Background: R112 inhibits Syk kinase, a transducer of signaling through the Fcepsilon receptor of mast cells, blocking mast cell responses to allergic stimuli.
Objective: Examine the efficacy and safety of intranasal R112 in volunteers with symptomatic seasonal allergic rhinitis compared with a placebo in a park setting.
Methods: In this double-blind, placebo-controlled study of 319 volunteers with seasonal allergic rhinitis, 160 were randomized to intranasal R112 and 159 to a vehicle control during 2 days at 2 separate locations in spring 2004. Subjects were evaluated for symptoms of allergic rhinitis (i.e., sneezes, runny nose/sniffles, itchy nose, stuffy nose) on the basis of a possible maximum score of 32 for the Global Symptom Complex (GSC) scale. The primary outcome evaluated was the difference in the reduction in GSC (area under the curve over a period of 8 hours) from baseline between R112 and vehicle placebo.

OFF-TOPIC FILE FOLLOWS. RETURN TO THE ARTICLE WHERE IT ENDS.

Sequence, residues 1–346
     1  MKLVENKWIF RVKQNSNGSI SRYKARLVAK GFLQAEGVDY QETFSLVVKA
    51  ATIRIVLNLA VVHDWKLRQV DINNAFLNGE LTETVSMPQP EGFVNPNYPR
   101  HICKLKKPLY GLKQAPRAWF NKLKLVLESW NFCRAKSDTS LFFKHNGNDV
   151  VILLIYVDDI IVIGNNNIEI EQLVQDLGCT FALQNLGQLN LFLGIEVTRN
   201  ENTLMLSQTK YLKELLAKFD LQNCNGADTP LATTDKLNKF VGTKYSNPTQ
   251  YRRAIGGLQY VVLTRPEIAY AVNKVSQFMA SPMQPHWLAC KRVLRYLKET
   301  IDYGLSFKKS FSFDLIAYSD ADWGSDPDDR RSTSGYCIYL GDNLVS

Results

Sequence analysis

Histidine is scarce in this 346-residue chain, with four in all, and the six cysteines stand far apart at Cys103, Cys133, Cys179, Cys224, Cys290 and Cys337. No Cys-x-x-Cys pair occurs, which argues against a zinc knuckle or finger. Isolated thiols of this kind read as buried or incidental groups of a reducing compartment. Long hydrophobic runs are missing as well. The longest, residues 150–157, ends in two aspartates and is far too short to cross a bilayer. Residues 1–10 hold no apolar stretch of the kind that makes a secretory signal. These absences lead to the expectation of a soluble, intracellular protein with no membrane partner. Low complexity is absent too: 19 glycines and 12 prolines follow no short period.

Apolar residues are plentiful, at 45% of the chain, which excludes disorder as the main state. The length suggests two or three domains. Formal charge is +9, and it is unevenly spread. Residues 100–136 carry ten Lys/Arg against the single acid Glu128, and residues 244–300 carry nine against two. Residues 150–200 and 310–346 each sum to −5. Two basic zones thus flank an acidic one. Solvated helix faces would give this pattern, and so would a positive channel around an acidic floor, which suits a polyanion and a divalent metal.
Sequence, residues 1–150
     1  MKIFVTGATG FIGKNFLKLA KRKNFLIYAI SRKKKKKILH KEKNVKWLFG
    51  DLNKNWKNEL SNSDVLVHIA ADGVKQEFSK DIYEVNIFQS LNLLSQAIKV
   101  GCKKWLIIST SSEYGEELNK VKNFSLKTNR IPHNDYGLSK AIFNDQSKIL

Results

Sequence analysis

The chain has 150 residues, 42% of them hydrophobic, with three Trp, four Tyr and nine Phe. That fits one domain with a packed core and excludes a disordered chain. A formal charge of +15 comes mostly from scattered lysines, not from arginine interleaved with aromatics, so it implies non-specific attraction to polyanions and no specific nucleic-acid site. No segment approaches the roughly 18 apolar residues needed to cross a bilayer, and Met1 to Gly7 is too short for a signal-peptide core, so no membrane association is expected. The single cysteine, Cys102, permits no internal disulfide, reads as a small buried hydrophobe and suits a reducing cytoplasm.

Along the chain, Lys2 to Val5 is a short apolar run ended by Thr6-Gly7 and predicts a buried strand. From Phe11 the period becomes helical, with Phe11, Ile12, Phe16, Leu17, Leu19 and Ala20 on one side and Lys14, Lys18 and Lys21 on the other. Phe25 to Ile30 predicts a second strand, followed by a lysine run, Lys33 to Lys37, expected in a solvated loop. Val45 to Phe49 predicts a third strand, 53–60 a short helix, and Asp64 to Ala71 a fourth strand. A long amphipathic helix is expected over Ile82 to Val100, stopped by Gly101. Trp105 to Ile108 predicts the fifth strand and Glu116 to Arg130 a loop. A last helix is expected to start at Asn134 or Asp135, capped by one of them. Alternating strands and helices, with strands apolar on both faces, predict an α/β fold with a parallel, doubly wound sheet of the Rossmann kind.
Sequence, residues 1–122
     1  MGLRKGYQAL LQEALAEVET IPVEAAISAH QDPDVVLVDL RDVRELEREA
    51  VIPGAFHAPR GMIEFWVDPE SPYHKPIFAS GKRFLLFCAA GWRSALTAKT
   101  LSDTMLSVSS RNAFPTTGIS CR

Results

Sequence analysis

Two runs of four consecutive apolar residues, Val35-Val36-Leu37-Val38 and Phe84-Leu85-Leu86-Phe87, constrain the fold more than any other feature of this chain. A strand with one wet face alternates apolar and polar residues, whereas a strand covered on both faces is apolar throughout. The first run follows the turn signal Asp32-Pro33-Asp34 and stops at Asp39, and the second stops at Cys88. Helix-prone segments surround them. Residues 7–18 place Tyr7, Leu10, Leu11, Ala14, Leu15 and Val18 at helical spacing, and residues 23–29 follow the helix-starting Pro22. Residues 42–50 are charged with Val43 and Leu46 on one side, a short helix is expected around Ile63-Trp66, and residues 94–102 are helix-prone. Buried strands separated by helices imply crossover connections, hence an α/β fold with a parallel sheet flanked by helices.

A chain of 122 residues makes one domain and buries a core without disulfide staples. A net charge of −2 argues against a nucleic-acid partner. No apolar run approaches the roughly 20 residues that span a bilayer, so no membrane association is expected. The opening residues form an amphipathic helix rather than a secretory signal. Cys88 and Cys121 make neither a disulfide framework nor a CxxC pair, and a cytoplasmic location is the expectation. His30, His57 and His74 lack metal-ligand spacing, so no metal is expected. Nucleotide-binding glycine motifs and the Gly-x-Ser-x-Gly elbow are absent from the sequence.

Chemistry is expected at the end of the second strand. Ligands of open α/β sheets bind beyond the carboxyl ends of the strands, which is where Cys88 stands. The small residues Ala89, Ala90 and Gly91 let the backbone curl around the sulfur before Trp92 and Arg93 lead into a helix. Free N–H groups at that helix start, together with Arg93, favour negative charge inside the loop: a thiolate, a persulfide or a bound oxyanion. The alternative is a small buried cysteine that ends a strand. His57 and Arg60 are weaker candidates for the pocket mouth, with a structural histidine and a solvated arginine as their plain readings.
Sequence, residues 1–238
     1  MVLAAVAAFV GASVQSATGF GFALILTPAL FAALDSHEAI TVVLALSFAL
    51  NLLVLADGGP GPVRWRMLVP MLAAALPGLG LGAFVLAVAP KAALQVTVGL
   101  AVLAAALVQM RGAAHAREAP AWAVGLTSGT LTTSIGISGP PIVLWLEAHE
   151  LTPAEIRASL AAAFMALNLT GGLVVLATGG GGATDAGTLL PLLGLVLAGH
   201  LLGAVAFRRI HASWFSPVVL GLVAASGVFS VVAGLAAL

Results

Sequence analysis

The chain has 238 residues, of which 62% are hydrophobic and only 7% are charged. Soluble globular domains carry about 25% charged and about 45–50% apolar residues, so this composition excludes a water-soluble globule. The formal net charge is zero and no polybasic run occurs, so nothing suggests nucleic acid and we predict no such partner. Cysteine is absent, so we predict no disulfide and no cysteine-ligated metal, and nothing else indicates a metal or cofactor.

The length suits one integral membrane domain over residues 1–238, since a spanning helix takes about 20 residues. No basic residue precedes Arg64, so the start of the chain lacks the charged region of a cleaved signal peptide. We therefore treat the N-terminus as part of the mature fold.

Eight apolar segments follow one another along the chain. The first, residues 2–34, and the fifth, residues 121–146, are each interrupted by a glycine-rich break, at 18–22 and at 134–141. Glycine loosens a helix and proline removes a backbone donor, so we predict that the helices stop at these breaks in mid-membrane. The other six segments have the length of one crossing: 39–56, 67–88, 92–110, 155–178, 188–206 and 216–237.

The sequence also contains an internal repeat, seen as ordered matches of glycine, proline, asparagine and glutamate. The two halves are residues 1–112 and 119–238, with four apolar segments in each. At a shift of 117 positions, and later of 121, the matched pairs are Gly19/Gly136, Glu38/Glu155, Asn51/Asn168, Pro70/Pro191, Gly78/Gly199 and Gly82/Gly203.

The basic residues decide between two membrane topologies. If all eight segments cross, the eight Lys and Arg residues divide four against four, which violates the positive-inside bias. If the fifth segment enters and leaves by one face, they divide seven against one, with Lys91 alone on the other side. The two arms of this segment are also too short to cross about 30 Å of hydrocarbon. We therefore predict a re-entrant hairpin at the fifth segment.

Results: At baseline, the combined GSC was approximately 18/32 and equal between treatment groups. After 8 hours (dosing 3 mg/nostril every 4 hours x 2), R112 significantly reduced the GSC compared with placebo (7 vs 5.4 units, respectively; P = .0005). Each individual symptom combined to form the GSC was also significantly improved in the R112 group compared with control ( P < .05). As early as 45 minutes after dosing, R112 showed a significant improvement in symptoms over placebo, and the duration of action exceeded 4 hours. Adverse effects were indistinguishable between the groups and clinically insignificant.
Conclusion: Intranasal R112 was effective in this park study and is a promising new treatment for seasonal allergic rhinitis.